“Well, you spent all summer working at the store and working on that,” he pointed at the motorcycle. “Now that school’s about to start and your bike’s finished, what are you gonna do?”
     I shook my head and blew smoke rings. “I don’t know, Maybe I’ll quit work and school. Just ride around all day.”
     Nicky laughed. “Yeah, I bet Shandy would really go for that. So would your mom.”
     “What’s that supposed to mean?”
     “Everyone knows that Shandy is the boss in your relationship, and I think she’s gonna want you in school where she can watch your every move. And your mom has the whole high hopes for my kid fantasy.”
      I laughed. “Shandy may think she’s the boss, but she’s not. As for mom, like you said, it’s a fantasy, nothing more.”
     As if on cue, the garage door opened, and in walked Mom, her arms loaded down with bags of groceries. It was obvious they were heavy, but I didn’t make a move to help her. She was taking the shortcut through the garage which led straight to the kitchen. Nicky saw her, quickly ground out his cigarette and frantically waved away the smoke.
     “Hello, Mrs. Cramden,” Nicky said politely. I ignored her.
     “Hello, boys,” she said cheerfully. “Jesse, there’s a whole trunk full of bags. Could you bring some in for me?”
     “Get them yourself,” I mumbled and kept puffing away on my cigarette.
      If she heard me, she gave no indication. Nicky waited until the door shut behind her, said, “You’ve got guts, talking to her like that. My mom would have popped me in the mouth.”
     I didn’t say a word. What could I say? I always talked to her like that. I hated her and she knew it. Why should I be nice to her?
     Nicky reached for another cigarette then put it back.
     “She knows you smoke,” I said.
     “Yeah, but she doesn’t like it.”
     I snickered. “When did you start caring what my mom likes and dislikes?”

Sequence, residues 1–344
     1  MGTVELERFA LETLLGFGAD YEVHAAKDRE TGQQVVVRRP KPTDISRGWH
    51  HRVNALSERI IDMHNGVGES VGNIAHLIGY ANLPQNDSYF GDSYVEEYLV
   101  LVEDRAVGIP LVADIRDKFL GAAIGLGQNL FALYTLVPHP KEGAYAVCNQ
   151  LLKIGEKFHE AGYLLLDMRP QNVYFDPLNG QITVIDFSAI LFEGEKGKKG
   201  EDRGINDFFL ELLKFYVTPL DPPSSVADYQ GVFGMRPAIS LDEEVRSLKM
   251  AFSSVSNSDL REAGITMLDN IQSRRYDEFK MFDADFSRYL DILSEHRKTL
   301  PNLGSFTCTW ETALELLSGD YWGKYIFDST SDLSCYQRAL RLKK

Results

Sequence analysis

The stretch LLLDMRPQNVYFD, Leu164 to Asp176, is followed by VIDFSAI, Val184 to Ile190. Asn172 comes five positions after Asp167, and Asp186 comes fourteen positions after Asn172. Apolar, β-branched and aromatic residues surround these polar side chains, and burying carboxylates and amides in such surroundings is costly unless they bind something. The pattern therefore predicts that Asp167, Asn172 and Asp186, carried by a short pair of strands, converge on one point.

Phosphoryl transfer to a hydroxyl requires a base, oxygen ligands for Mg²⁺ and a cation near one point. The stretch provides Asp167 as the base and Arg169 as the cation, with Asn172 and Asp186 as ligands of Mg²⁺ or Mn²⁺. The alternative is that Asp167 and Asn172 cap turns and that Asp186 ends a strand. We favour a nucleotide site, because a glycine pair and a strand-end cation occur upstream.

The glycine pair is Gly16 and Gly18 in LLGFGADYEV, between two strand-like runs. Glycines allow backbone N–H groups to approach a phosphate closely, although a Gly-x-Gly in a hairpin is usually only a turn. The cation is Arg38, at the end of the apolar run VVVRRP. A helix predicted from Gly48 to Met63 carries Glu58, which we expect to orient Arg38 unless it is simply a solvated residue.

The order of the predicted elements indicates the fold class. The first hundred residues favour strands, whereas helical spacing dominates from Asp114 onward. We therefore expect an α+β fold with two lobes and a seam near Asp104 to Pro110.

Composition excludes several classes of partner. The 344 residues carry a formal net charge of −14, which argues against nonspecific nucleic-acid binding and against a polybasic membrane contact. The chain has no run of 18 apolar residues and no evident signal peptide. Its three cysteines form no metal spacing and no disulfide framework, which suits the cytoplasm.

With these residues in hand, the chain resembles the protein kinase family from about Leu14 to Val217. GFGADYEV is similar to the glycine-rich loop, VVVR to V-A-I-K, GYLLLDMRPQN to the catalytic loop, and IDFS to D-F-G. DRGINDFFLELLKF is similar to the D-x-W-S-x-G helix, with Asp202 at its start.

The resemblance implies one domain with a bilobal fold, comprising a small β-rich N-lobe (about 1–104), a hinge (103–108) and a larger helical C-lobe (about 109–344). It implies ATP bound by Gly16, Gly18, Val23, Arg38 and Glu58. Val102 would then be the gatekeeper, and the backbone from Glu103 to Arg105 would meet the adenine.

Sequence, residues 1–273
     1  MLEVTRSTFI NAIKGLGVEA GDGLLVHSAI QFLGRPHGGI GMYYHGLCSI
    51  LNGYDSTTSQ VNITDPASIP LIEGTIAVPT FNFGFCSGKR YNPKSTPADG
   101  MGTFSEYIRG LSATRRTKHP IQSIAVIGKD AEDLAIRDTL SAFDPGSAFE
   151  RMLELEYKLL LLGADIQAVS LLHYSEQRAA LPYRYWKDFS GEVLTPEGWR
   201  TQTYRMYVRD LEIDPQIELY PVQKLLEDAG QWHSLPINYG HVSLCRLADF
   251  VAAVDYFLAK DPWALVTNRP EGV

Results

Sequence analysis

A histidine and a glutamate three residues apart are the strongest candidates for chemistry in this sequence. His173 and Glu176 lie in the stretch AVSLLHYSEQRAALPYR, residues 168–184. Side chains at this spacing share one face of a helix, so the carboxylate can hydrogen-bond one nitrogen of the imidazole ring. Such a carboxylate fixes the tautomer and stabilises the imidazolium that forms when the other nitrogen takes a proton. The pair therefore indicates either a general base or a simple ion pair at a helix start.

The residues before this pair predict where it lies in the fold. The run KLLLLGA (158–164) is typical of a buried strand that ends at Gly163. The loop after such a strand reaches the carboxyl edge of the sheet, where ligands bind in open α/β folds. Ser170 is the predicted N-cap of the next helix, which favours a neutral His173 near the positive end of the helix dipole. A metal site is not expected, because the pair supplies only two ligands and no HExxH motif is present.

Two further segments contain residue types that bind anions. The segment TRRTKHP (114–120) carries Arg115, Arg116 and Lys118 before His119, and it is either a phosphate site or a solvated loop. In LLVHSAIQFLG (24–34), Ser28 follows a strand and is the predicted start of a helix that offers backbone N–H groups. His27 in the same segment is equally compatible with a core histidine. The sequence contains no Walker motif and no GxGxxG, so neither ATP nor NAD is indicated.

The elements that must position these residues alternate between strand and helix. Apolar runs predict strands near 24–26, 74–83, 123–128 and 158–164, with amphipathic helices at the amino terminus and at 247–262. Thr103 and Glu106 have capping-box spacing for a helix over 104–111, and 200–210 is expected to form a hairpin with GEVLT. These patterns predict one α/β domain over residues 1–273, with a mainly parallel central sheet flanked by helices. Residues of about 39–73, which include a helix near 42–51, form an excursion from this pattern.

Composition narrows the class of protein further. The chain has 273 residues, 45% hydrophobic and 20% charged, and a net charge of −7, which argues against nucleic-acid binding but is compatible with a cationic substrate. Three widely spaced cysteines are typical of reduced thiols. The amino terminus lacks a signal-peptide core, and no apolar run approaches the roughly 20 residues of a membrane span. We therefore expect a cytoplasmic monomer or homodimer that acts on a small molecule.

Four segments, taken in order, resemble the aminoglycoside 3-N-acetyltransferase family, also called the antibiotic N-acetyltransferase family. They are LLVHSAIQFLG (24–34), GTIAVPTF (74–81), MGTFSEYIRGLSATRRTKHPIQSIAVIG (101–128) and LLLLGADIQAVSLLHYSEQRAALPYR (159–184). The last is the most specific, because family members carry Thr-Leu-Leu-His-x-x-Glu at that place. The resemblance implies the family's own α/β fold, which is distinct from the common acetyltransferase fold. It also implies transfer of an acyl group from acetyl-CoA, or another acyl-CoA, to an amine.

He shrugged. “It’s a respect thing, you know.”
     I looked at him long and hard, trying to decide if he was serious. He was. “You don’t respect anyone,” I said.
     “Not true, I respect a couple of people, and she’s one of them.”
     “Why?” I didn’t respect her and I couldn’t imagine why anyone else would.
     Nicky picked up a piece of gravel that was on the garage floor and began flipping it in the air like you would flip a quarter.
     “Like the way she handled herself the last couple of years. You know, the whole divorce thing and all.”
     My blood began to boil. How could he take up for her?
     He kept his eyes on the gravel in his hand. He didn’t dare look at me. He knew I would punch him if he did.
     “It was her fault,” I exploded, “she couldn’t see what she had. If she just wouldn’t have taken Dad for granted, he wouldn’t have had to find someone else. She’s to blame, so quit taking up for her.”
     That’s when it hit me. How could I have been so blind? “You have a thing for my mom!” I punched him in the arm, a little harder than I meant to.
     Nicky rubbed his arm, “Not a chance. But I do wish she was my mom.”
     “No you don’t. Trust me.” We dropped the subject as Mom came out of the kitchen and started back towards the car.
     Jess, I asked you for some help,” she said.
     I stood up and climbed on my motorcycle. “I have better things to do.”
     She said something, but her words were drowned out as I started it up.
     Nicky stretched his legs and started to stand. Mom raised her voice, but her words were still lost.
     I hadn’t ridden yet. I knew she didn’t approve of me riding, she had made that very clear.
     She thought it was too dangerous, or some crap like that. Dad would have understood. He rode his every day after work. Once in a while he even took me with him on a short ride. Mom didn't like me being on it then either, but Dad would tell her that I needed to get used to riding one, because one day he was going to pass it down to me. I'm sure he meant to leave it for me, but things got messy during the divorce, and he took it with him by mistake. I knew one day he would come back for me, and bring it with him.
     I kicked up the kickstand, and revved the engine. “Sorry Nicky,” I called over my shoulder as I sped away.
     I could imagine the stunned look on their faces. Oh well, I thought. They’ll get over it.
                                                                                               Back to Forgiving Jesse
 
Halloween Candy and a Christmas Tree

November first. My kids Pamela, age five, and Jackson, age eight, made it their sole mission to drive me crazy. This was probably largely because they spent the night stuffing themselves full of Halloween candy, and they no doubt had reached for it again before their eyes were open all the way next morning.